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Medium 9780253014863

11 Healing the Nation: Politics, Medicine, and Analogies of Health in Southeast Asia / Rachel Leow

Tim Harper Indiana University Press ePub

11 Healing the Nation

Politics, Medicine, and Analogies of Health in Southeast Asia

Rachel Leow

In colonial situations around the world, the relationship among modernity, health, and political power has frequently been invoked by both colonizer and colonized. In India, for example, David Arnold has argued that introduction and spread of Western medical discourses was intended in part to demonstrate the superiority of Western science over “Eastern prejudice” and scientific inertia, to persuade through concrete practices the legitimacy of colonial rule.1 Yet when invoked by nationalist resistance, leaders often did not dispute the scientific superiority of Western health, merely the colonial state’s monopoly over it. In Vietnam, medical self-reliance was one of the most widely available forms of resistance, and in the rallying cry “hygiene is the love of one’s nation” (ve sinh la yeu nuoc) is embedded a view of health inherited from colonial science.2 Ruth Rogaski has traced the shifts in Chinese perceptions of what health (weisheng) has meant over the course of the nineteenth and twentieth centuries in engaging with Western imperial domination, and shown that in this period, notions of Chinese health were dislocated from their deep association with Chinese cosmology, and reoriented towards what she calls “hygienic modernity,” comprising such concerns as bodily cleanliness, racial fitness, and national sovereignty. These new concerns, she argues, were articulated in the idiom of modern Western science, and were in fact precisely qualities that foreign observers criticized China for lacking.3

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Medium 9781855754195

14: Psychoanalytical access to children under extreme stress: squiggle interviews in research

Michael Gunter Karnac Books ePub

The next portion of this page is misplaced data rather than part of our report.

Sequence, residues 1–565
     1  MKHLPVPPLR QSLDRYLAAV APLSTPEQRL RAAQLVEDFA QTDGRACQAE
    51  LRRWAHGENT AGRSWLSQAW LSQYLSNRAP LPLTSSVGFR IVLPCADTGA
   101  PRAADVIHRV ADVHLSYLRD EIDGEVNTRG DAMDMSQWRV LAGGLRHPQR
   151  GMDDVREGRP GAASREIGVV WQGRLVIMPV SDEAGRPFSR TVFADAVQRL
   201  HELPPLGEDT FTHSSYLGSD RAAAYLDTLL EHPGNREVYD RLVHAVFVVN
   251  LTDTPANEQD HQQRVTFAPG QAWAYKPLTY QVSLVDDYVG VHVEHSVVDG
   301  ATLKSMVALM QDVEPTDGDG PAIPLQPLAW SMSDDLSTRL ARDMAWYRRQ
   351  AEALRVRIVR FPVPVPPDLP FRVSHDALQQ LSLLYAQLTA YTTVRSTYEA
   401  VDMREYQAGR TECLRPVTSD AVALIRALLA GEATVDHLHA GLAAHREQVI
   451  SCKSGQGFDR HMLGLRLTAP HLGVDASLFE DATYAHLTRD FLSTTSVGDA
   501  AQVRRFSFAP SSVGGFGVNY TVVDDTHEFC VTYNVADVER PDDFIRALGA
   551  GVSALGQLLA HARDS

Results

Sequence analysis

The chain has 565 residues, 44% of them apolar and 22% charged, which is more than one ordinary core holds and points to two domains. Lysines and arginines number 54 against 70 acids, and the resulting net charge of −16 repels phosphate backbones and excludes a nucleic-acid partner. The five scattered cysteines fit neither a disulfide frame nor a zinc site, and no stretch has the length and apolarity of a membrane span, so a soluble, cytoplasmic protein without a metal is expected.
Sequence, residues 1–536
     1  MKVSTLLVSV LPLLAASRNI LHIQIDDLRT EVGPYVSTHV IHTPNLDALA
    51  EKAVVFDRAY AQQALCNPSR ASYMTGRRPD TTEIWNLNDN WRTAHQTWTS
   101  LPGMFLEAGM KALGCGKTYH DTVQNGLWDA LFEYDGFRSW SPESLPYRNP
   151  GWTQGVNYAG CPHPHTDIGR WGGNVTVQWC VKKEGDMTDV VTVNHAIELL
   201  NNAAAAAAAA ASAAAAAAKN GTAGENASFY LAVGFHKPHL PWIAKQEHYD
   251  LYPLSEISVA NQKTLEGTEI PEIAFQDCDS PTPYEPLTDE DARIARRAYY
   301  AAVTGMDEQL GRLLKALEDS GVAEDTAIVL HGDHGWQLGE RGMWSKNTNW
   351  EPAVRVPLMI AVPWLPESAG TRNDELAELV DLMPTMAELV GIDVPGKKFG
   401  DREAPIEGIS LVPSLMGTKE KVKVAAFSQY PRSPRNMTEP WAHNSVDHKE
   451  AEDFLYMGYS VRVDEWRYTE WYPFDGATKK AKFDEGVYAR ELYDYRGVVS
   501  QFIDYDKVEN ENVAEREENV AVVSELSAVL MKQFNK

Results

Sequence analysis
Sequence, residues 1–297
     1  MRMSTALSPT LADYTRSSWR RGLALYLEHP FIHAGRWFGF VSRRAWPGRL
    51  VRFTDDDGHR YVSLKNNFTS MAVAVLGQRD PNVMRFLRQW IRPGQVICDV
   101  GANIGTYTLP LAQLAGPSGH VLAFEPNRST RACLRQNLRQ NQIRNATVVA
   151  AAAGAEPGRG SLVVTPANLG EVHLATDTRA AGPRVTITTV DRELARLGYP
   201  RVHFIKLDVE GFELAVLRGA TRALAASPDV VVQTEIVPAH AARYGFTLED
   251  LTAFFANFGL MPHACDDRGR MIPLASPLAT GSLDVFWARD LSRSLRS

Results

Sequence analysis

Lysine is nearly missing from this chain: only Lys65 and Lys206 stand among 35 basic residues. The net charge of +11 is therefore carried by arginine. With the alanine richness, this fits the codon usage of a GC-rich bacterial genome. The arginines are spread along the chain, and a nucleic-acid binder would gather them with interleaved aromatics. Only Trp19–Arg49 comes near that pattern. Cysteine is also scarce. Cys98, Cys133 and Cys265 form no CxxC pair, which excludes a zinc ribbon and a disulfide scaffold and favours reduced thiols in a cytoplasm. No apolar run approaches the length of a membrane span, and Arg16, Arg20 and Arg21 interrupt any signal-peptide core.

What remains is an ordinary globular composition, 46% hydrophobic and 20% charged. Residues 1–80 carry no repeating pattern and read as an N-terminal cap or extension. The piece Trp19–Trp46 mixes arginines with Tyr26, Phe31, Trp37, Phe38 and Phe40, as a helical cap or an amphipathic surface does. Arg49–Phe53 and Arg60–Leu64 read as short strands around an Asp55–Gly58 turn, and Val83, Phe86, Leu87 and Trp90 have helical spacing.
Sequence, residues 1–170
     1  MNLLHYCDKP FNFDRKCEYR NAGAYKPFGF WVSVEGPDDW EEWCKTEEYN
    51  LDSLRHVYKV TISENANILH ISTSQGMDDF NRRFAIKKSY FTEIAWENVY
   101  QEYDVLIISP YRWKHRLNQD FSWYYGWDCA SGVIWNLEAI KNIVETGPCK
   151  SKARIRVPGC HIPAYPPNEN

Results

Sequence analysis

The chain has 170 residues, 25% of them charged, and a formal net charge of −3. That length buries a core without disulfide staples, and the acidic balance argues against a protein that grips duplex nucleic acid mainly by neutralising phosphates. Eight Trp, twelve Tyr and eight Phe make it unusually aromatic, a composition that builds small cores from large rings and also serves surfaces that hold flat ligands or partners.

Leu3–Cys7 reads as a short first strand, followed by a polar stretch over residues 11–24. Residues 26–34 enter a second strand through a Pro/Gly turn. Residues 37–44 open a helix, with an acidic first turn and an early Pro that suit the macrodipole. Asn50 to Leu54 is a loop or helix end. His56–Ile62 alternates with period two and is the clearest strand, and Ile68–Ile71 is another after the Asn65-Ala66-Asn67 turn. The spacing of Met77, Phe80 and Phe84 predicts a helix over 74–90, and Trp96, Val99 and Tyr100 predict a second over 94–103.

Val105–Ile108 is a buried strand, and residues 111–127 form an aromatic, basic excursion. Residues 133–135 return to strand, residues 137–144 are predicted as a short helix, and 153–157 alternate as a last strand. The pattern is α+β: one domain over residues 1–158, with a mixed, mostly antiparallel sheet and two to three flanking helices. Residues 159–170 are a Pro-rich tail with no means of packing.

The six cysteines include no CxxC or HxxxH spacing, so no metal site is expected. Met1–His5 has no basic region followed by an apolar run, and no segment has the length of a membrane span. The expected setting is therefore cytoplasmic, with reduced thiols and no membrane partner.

In the following chapter I am primarily presenting the results of research projects. In a large-scale, long-term project we used the squiggle interview to examine children who had to undergo bone marrow or stem cell transplants (SCT) because of an illness that would otherwise be fatal. The starting point for our research was the examination and treatment of several patients who had developed severe stress reactions after a bone marrow transplant. This raised the question of how other children managed to cope with the stress of treatment, conditioning and isolation. The aims, hypotheses and results of the whole investigation have been described in detail elsewhere (Günter et al, 1997, 1999; Günter, 2003). Here I want to concentrate essentially on describing the inner mechanisms for coping which came to light in the psychoanalytical squiggle interviews with the children.

Why did we use squiggle interviews in our research? There were several reasons, partly to do with methodology and partly determined by pragmatic considerations. First of all, we were anxious to create a space in which these extremely sick children might be able to talk about their problems. The squiggle technique therefore offered us an alternative way of making contact with these children (Winnicott, 1971a, p. 3) in a situation where they were willing to take part in and co-operate with the investigation, but would nevertheless not have been willing to talk about their own situation. For here, in this situation of extreme stress, the defences protecting the children from affects of great fear ensured not only that they were inclined to be very quiet and reserved in verbal communication, but also that in the brief initial greeting phase they were mostly quick to tell us that admission to hospital for the transplant was no great problem for them. It would all go well, most of the children indicated to us in one way or another, and anyway they didn ’t want to talk any further about it. By contrast, the children were easily won over to the idea of a squiggle interview, and then usually let themselves get deeply involved.